Mavis Gillie receives Honorary Doctorate of Laws

Mavis Gillie, who with the support of UVic Law received an honorary degree on March 9th, 2016, has worked for Indigenous rights and title since the 1970s. The list of her activities in the NWT and BC includes campaigning with Project North, the Aboriginal Rights Coalition, and Aboriginal Neighbours; supporting Nisga’a opposition to the dumping of tailings from the Amax molybdenum mine into the Nass River and Tsawout opposition to the development of a marina on Saanichton Bay; and supporting the Gitxsan and Wetsuwet’en Run for Justice to raise money for the Delgamuukw case.  Chief Hanamuxw of the Gitxsan, whose talking stick is housed in the Law Library, has said that Mavis “spoke like one of our chiefs.”

She made submissions to the RCAP in 1992 and to legislative committees on the proposed Nisga’a Treaty and the 2001 Treaty Referendum. She has supported the Tsilhqot’in in their opposition to the Prosperity Mine, the Tseycum in their efforts to repatriate ancestral remains, the Haida with respect to the Cinola Mine proposal and the Nuu-chah-nulth regarding the Meares Island injunction. Described by Mavis Underwood as “a force of nature,” Mavis Gillie was also indefatigable in her support for the Nisga’a Treaty.

Andrew Petter, a former UVic Law dean who is now SFU president has said: “As someone who in my capacities as an MLA and a cabinet minister was a target of [Mavis’] efforts in the 1990s, I can attest first hand to the depth of her commitment, the effectiveness of her advocacy, and the extent of her impact.”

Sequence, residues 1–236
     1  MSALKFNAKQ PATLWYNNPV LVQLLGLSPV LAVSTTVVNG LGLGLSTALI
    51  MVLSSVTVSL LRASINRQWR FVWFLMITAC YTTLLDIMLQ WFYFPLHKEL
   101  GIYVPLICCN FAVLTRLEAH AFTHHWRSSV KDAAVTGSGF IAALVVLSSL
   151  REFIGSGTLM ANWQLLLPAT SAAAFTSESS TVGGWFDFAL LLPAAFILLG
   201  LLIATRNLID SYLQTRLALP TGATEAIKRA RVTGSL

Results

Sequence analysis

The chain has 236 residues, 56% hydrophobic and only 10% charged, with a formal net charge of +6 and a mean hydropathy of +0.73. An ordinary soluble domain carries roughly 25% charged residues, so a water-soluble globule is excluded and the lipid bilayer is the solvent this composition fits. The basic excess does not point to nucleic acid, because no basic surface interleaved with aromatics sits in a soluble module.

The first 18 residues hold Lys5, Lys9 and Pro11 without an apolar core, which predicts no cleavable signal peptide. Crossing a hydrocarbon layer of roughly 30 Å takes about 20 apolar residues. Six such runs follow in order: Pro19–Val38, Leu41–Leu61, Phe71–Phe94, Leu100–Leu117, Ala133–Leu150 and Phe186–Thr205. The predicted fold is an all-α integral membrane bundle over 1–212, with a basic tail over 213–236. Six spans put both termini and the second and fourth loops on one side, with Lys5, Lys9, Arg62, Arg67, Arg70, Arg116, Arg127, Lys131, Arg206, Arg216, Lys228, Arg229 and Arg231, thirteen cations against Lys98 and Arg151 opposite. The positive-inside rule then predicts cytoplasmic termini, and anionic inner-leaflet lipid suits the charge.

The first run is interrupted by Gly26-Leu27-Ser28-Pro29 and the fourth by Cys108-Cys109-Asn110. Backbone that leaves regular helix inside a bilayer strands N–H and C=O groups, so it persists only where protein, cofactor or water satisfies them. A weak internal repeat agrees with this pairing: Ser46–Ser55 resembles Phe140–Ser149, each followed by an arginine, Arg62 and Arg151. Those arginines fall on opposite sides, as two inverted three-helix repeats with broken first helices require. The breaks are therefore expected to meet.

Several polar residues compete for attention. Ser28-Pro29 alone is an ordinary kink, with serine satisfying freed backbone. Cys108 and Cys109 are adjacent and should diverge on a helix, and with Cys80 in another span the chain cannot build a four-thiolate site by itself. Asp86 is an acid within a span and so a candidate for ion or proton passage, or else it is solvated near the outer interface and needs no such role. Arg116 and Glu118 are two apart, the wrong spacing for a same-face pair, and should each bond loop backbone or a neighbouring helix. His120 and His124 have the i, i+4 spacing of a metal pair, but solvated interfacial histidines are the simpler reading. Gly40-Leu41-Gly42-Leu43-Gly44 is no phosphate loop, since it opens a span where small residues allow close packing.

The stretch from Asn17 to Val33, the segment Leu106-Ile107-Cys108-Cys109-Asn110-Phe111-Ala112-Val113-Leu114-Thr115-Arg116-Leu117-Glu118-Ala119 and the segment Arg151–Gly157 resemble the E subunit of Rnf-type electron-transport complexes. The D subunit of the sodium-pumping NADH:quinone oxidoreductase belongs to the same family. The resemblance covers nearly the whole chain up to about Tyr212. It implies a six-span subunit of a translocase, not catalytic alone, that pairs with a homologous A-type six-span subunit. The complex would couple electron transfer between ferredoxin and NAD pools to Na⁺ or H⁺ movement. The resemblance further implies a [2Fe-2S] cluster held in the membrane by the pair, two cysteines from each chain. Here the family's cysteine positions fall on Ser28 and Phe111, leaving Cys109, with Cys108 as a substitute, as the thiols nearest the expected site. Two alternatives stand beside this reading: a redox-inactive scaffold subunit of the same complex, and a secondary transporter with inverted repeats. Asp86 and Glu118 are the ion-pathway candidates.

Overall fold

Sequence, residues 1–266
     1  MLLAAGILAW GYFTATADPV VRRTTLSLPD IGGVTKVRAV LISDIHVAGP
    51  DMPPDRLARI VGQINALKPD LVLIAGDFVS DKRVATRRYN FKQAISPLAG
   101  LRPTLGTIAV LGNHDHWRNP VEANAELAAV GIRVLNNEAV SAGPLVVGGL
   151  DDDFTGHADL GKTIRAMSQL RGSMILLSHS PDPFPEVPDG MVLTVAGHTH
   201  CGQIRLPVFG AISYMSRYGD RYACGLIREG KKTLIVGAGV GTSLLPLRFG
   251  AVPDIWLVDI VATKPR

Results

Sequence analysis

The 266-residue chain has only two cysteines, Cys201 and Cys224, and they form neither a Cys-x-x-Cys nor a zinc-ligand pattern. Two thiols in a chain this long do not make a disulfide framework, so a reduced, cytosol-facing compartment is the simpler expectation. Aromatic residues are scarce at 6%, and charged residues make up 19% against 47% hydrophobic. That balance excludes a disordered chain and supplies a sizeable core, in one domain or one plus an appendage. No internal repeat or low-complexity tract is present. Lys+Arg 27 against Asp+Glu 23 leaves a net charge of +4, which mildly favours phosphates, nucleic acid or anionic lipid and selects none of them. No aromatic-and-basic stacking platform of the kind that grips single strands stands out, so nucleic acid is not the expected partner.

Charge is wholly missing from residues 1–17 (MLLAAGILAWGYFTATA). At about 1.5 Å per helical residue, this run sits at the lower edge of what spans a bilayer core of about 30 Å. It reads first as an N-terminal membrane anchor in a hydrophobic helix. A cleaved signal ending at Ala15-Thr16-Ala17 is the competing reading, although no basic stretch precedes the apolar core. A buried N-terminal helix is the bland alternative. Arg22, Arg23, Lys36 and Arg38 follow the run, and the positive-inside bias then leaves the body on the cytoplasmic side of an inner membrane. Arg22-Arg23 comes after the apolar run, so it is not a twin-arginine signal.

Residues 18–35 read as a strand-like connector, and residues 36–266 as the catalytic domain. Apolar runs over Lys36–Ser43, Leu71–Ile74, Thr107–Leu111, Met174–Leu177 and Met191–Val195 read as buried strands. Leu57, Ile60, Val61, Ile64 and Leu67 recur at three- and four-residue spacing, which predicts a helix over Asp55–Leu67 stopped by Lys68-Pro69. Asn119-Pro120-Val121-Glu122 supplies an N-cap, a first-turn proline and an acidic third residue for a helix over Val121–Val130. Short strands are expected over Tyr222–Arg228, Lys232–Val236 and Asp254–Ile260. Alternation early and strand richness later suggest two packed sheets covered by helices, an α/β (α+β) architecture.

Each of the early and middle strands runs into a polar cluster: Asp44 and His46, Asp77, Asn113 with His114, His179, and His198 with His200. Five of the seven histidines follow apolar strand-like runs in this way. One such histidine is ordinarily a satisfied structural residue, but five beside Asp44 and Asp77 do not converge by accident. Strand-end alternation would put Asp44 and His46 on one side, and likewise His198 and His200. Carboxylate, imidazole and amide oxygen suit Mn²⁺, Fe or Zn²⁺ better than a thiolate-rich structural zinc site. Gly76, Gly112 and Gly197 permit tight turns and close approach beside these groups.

The above is only a fraction of what Mavis has done over the years. But let the last word go to Alex Rose, author of Spirit Dance at Meziadin: Joseph Gosnell and the Nisga’a Treaty. In his chapter on those associated with the Nisga’a he speaks of “social reformers driven by an enlightened notion of good works.” And next to a photo of Mavis being greeted by the Nisga’a there is this:

In Victoria, Anglican parishioner Mavis Gillie was a tireless advocate for the Nisga’a cause for more than 25 years. On her own initiative, she wrote letters to the editors and prowled the halls of the legislature where, meeting and greeting politicians and their senior bureaucrats, she would hand out the latest public relations missive. A volunteer foot soldier in the Nisga’a struggle, she neither expected or received financial remuneration for her efforts.

A tireless, volunteer soldier in the struggle for justice. Congratulations Dr. Gillie.

Mavis Gillie